Duterte’s 2016 campaign: the spectacle that brought us here. (Financial Times)

Writing this blog while the country’s novel coronavirus 2019 (COVID-19) cases shoots up to over 800,000, to remember how things were almost five years ago is a note of pain.

Remember May 9, 2016?

It offered a great measure of hope, of something so alternatingly new, a fresh air from six years of a callous government’s wrath. A start-from-scratch restart after decades of state negligence, systemic theft, and economic oppression across different presidents. An alteration — a radical overhaul, even — of the rotting socioeconomic order.

What we are now seeing is the starkest reversal of that change.

This is…

Failed plan equates to failed leadership. (JL Javier)

“Pandemic fatigue” is not an unseen folly.

It’s the natural consequence of the miasma that is Rodrigo Duterte’s failure to defeat the COVID-19 pandemic.

It’s like a ticking bomb waiting to explode, a booby trap that we have stepped on when the country cruised into the lockdown’s first year. We were all waiting to see the pandemic vanish in a few months’ time, to revert back to our state of normalcy after the country gradually slid back to a General Community Quarantine.

While presidential mouthpiece Harry Roque’s ridiculous pronouncement that “we beat UP,” referring to esteemed University of the Philippines…

Former president Corazon Cojuangco-Aquino and former vice president Salvador “Doy” Laurel during their inauguration on February 25, 1986.

The road to 1986 beckoned with an entanglement.

But so is the road to 2022.

How poetic, if not ironic, is it to witness history unfold itself once more, although under different sets of conditions and circumstances, in an eerily similar manner and dispensation?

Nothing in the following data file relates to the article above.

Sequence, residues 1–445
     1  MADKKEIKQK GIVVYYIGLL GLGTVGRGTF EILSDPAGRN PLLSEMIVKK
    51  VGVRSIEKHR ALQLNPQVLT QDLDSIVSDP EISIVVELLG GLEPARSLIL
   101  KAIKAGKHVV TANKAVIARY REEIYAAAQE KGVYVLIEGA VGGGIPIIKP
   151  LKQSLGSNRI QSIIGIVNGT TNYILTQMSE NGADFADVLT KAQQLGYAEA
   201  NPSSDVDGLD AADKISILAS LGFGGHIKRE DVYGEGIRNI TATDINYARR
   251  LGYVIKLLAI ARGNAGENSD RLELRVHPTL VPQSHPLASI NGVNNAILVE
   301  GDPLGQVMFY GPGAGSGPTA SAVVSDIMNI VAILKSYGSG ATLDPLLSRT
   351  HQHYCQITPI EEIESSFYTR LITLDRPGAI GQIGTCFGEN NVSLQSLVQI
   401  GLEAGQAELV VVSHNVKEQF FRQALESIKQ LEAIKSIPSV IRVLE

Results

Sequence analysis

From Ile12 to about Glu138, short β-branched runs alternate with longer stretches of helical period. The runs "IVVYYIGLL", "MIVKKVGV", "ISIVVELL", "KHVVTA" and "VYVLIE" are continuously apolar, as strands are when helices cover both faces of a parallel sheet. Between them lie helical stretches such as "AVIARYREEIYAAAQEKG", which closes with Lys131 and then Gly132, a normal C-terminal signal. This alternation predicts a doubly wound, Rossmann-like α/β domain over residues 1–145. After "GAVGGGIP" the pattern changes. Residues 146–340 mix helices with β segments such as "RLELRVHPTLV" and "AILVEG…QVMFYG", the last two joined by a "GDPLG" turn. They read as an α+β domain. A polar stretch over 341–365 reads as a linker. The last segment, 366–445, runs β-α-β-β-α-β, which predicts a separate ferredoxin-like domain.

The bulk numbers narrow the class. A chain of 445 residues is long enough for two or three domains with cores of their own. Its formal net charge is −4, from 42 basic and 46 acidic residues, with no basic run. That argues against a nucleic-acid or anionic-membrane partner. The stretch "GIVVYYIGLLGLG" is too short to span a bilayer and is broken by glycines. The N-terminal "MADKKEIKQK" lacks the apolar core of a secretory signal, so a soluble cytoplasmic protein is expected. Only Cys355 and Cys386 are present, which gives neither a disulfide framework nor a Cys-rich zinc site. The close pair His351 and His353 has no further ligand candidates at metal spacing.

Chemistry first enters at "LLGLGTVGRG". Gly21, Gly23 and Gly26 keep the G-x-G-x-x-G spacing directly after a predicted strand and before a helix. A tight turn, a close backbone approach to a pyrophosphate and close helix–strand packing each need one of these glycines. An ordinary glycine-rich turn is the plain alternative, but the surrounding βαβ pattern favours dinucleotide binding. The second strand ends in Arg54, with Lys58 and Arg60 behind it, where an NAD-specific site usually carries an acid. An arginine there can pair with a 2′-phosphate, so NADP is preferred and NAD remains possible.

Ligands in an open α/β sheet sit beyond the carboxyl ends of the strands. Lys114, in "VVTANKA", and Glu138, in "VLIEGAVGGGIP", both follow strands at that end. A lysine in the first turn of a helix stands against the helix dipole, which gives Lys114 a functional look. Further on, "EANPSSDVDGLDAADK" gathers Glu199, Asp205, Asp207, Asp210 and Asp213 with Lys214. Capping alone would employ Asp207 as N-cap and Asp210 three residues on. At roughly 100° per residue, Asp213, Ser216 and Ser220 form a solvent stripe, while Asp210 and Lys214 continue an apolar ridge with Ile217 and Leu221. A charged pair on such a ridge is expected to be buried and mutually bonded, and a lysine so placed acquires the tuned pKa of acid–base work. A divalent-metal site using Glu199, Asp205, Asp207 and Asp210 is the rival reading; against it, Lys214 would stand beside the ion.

To allow people to reflect and delve deeper into the challenges of today’s opposition force in the face of another upcoming electoral battle, there is a need to consult history itself.

Back to 1985.

As early as 1984, on the heels of the opposition’s sweeping victory in the 1984 Batasang Pambansa elections (whose victory can be…

Institutions are an important cog in the wheel of democracy, the integral cog that allows it to keep moving.


Wrote the historian Timothy Snyder, in his slim volume about dictatorships: “… institutions are deprived of vitality and function, turned into a simulacrum of what they once were.”

Institutions are an important cog in the wheel of democracy, the integral cog that allows it to keep moving. Without the shining knight of institutional balance, democracy is enervated and rendered vulnerable to the assault of right-wing dictatorship and demagoguery, which was what had happened in cyclical periods across the pages of world history. …

“It takes little effort to stop a tyrant. I have no doubt in the ultimate victory of right over wrong, of good over evil, in the awakening of the Filipino.” — Benigno “Ninoy” S. Aquino Jr.

‘Marcial Bonifacio’ could have chosen a different path. But he did not.

On the tenth year anniversary of his murder, Teodoro Benigno wrote this of Ninoy:

“What made [the fight] majestic was that Ninoy, even when almost everybody deserved him and his cause, held the conviction that the Filipino was worth dying for.”

Rarely in history do we witness a quintessential show of gallantry among men and women who would naturally seize political glory without fantasizing about heroically putting a lid on an emerging social volcano that stood beyond their elitist, plutocratic horizon. But Benigno “Ninoy” S. Aquino, Jr. …

The dictator was right about history. But so are we — we are not off his hook yet.


History’s shadowboxing with Ferdinand E. Marcos did not cease on February 25, 1986.